The couple is at home, which is increasingly silent and strained, when there's a knock at the door. Alma says she locked it and checked it three times. Nevertheless the art critic guy walks in and invites them once more to dinner. He also places a gun on the table. Johan picks it up, aims at Alma, and fires.

Johan goes to dinner. They say they didn't invite him, but Veronica is there, in another room, and he should go see her. We learn that Veronica was married to someone else when Johan had an affair with her. They were found out and it briefly became a public scandal, and we can piece together that she is now dead. One of the older women is creepily seductive to Johan, and he has to fight her off. She then removes her hat, crinkles up her face like a dry onion skin, and plops her eyeballs into a glass. This is all accomplished with simple but potent effects--we see her pulling the eyeballs out of a mask, tearing tiny strands of glue.

Johan is finally shown to Veronica. The guy leading him tells Johan that he is now her lover, but he will swallow it and let Johan see her. He then walks, weeping, back toward a wall, up it, and walks cringing along the ceiling. Johan walks into a room containing a coffin draped with a white sheet. Then it is Veronica lying on a table, and she wakes and embraces him. We hear laughter and see the whole demon family watching, cackling. Johan says the limit has been transgressed, then speaks for a while without any sound.

We return to Alma speaking to the camera. She has numerous times pondered how married couples begin to look alike, which we also understand to be her ability to see the demons he has been seeing. She wonders if she couldn't protect Johan because she loved him too much--or too little. She begins a sentence, and the movie fades out and ends before she finishes it.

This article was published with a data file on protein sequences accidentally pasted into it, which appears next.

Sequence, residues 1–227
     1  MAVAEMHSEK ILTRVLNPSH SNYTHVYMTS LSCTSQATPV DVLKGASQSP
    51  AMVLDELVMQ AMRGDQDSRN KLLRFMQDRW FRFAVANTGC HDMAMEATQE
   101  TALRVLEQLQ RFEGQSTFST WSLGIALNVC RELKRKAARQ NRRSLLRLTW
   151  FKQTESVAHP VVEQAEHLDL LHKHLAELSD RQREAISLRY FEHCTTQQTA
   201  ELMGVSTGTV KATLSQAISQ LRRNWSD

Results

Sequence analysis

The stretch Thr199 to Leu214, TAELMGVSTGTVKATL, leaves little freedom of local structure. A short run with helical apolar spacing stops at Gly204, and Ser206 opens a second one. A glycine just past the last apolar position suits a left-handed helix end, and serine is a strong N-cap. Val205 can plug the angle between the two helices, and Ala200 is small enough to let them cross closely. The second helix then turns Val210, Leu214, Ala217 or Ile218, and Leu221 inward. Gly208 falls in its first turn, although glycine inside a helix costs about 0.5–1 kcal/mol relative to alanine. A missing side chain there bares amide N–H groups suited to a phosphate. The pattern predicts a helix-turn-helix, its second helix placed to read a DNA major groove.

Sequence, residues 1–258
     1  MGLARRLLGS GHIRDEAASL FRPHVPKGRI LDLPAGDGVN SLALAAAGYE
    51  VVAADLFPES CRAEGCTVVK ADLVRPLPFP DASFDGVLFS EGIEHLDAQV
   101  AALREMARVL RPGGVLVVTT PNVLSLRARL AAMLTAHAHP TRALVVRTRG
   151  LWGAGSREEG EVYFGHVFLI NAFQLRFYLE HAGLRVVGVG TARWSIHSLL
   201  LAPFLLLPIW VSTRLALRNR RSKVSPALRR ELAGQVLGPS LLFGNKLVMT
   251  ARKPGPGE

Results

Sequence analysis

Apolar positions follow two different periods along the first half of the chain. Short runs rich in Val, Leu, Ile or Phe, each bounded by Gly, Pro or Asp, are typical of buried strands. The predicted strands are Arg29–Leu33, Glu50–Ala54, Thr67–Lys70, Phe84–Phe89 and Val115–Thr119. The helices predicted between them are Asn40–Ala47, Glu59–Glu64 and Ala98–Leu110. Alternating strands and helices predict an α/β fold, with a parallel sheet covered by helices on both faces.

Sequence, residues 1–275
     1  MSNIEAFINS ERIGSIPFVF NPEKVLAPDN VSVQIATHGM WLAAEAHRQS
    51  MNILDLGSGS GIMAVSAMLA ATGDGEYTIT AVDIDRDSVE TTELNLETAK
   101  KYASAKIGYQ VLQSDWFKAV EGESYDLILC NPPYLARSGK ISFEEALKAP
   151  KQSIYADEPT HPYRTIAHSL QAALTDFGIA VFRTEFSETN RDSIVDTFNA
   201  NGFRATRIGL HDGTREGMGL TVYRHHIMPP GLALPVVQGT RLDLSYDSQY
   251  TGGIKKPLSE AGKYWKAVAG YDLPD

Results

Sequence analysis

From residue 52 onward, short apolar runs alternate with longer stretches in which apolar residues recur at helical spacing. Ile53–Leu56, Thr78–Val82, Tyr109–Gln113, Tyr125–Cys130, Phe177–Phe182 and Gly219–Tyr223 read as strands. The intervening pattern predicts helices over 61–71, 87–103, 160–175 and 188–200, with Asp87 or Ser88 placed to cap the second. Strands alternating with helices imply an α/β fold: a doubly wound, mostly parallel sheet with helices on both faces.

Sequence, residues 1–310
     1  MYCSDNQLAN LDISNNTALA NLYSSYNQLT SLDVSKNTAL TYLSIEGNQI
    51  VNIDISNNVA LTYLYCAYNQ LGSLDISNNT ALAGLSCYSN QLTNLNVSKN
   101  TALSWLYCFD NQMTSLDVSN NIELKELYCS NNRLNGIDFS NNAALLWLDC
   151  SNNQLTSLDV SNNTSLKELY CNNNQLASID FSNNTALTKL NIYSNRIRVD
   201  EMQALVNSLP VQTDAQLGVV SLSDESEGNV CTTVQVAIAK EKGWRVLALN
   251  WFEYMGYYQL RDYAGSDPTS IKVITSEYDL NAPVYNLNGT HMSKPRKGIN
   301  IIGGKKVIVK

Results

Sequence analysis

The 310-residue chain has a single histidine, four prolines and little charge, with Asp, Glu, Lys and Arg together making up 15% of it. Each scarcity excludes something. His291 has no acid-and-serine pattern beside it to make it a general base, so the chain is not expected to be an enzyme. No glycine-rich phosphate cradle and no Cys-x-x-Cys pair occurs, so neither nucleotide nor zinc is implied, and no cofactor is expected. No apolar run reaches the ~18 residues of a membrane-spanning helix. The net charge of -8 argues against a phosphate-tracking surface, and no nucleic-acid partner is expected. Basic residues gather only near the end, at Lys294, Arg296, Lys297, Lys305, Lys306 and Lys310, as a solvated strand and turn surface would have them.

It's a good, somber and unnerving movie about a man being lost to the demons in his mind, and his wife watching helplessly as he draws away, unable to reach him. It has numerous ideas and images that don't make sense on the surface, but have an uncanny quality that makes them highly suggestive and evocative of emotional states, and make sense that way. We stay in Johan's perspective as he encounters people that aren't real, and the movie successfully walks the line between showing us what he is experiencing, while also pulling for him to snap out of it and return to reality. It becomes effectively scary not only for its cheap but effective horror images, but as we begin to realize he might end up hurting his wife through confusion about his delusions. Not to mention that it is gorgeous to look at and has numerous arresting images that will evoke similar feelings in you: people you have to socialize with but that kind of creep you out, feeling as though your past can't be left behind and will come to attack you, that your home can be invaded, and that a retreat into solitude would not be the best thing for you, but actually case your ruin. Many of us have had these feelings, and that's what makes this movie effective and unnerving for the audience, and doesn't allow the distance of just watching some separate man's story.

So if you'd like an artsy horror film that is a deep, dark exploration of the demons plaguing an artistic mind, this is a good one that will bring up a lot of evocative themes, and let them retain their power by not providing and pat resolution or answers of any kind.

Should you watch it: 

Yes, if you like evocative, artful horror.